SAN FRANCISCO — After a long and eventful road to the N.B.A. finals, Golden State was grateful for a full week to rest and recover before facing the Boston Celtics in Game 1 on Thursday night.
Golden State’s modest break came to an abrupt end. Boston made sure of it, stunning Golden State, 120-108, to take the opening game of the best-of-seven series at Chase Center.
The Celtics leaned on their depth to erase a 15-point deficit in the second half. Al Horford scored a team-high 26 points, while Jaylen Brown added 24 and Derrick White scored 21 off the bench.
Jayson Tatum scored just 12 points in the win while shooting 3 of 17 from the field, but he had a game-high 13 assists. The Celtics also managed to overcome a turbocharged effort form Golden State’s Stephen Curry, who scored 34 points.
Game 2 is Sunday night in San Francisco.
In remarks before the game, N.B.A. Commissioner Adam Silver noted how the finals was pitting two of the league’s original franchises — a fitting series for the N.B.A., which has been celebrating its 75th anniversary this season. The Philadelphia Warriors won the league’s first championship, all the way back in 1947, when they took care of the Chicago Stags in five games. The Celtics are chasing their 18th title, and their first since 2008.
The finals, of course, are familiar turf for Golden State’s celebrated stars. Curry, Klay Thompson and Draymond Green are making their sixth finals appearance in the past eight seasons. And the Warriors had looked familiarly dominant in needing just five games to eliminate the Dallas Mavericks in the Western Conference finals.
The Celtics, on the other hand, were coming off a bruising seven-game series with the Miami Heat in the Eastern Conference finals. Ahead of Game 1 against Golden State, Marcus Smart and Robert Williams III were still recovering from injuries. And Tatum and Brown, the Celtics’ two young stars, had been supplying huge minutes throughout the playoffs.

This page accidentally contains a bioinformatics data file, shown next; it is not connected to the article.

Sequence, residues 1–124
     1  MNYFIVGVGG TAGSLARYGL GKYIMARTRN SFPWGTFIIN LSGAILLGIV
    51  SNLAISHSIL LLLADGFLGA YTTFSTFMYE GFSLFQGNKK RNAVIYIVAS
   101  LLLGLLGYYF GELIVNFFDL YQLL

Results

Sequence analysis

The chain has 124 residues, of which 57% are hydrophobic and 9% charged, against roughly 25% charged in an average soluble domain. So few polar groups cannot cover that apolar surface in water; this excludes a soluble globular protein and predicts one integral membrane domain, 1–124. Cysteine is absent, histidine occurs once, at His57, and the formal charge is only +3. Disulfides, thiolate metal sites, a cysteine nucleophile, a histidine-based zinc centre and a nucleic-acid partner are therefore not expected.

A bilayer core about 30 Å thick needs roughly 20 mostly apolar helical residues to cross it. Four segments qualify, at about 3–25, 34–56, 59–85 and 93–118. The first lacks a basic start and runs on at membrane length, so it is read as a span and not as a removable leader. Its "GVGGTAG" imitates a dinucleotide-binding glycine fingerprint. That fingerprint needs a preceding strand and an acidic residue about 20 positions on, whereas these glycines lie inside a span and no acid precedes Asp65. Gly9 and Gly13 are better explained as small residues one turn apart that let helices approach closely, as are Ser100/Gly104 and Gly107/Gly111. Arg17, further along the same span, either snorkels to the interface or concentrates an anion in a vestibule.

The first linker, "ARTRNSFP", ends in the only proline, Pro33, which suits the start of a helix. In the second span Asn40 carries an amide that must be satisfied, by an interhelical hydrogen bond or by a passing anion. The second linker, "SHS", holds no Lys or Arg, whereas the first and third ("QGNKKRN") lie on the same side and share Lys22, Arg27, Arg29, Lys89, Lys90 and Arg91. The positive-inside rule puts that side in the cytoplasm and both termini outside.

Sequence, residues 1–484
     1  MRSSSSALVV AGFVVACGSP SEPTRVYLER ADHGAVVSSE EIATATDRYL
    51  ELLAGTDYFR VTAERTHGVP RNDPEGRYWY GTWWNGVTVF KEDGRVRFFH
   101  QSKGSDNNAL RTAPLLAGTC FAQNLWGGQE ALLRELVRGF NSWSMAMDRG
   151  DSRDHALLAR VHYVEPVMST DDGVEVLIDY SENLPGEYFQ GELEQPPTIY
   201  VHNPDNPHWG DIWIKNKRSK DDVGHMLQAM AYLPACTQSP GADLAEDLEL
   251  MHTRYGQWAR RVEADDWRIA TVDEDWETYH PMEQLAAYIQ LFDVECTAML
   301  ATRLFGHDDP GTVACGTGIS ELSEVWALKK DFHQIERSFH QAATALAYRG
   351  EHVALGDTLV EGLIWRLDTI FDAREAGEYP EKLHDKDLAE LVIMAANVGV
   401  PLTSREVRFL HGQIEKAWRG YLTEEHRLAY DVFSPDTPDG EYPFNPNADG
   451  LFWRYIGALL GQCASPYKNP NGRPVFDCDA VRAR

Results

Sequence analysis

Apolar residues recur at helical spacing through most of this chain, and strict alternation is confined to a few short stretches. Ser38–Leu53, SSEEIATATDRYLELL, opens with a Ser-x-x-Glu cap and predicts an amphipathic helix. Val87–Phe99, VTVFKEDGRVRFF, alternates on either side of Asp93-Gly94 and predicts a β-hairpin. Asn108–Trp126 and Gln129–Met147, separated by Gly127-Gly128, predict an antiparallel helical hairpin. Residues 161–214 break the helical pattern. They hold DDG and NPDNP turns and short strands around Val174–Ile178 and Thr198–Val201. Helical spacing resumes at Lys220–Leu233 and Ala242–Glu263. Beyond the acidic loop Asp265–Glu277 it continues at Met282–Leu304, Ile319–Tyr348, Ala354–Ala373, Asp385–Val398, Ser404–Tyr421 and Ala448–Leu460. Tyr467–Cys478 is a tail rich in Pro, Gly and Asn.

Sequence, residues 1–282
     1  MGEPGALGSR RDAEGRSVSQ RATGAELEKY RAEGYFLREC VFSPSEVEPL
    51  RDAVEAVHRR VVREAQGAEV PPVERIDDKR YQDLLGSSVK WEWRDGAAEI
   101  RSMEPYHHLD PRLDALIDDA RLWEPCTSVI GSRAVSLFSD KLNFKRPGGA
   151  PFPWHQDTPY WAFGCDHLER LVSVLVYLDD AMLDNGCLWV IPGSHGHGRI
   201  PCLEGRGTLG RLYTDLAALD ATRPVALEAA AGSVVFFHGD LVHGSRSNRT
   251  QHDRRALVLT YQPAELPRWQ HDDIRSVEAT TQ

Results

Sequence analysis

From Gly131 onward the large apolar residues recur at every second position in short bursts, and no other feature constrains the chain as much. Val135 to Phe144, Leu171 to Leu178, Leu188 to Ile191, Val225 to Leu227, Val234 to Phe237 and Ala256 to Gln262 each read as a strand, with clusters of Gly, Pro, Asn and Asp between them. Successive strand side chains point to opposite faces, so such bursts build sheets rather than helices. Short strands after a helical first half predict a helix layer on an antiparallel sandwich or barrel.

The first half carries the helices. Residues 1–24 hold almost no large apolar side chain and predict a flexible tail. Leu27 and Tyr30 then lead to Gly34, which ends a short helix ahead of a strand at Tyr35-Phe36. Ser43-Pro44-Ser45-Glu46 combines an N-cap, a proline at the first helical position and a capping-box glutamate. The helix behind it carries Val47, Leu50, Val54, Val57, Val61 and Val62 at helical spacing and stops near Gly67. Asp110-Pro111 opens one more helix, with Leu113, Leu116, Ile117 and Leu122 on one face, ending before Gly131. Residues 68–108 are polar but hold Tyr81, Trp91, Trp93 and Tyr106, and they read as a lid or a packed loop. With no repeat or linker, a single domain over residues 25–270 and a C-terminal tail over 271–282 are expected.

Golden State looked primed to jump all over Boston in the early going. In the first quarter alone, Curry sank six 3-pointers — a finals record for 3-pointers in a quarter — and scored 21 points as Golden State led by as many as 10. Even Andre Iguodala got into the act, supplying his first minutes since the first round after missing most of the postseason with back trouble.
But the Celtics are not in the finals by accident. They produced the league’s top-rated defense in the regular season, and they ramped up the pressure on Curry as the game wore on. Consider a single possession of the second quarter, as Curry tried to work himself free by coming off a series of screens. White defended him, then Tatum, then Smart, the league’s defensive player of the year. Surprise: Curry could not find an opening.
Jordan Poole closed the first half for Golden State by bricking a 3-point attempt off the top of the backboard, and the Celtics led, 56-54. A gold-clad crowd that had roared for much of the half seemed to be in a collective stupor. Adult refreshments awaited many fans on the concourse.
Golden State is famous for its explosive third quarters, though, and Thursday’s version of it was no different. By the time Curry threw in an acrobatic layup, Golden State was back up by 9.
But fueled by unsung players like White and Payton Pritchard, the Celtics mounted a huge run in the fourth quarter, taking a 109-103 lead when Horford sank back-to-back 3-pointers.
Fans began to file toward the exits in the final minute.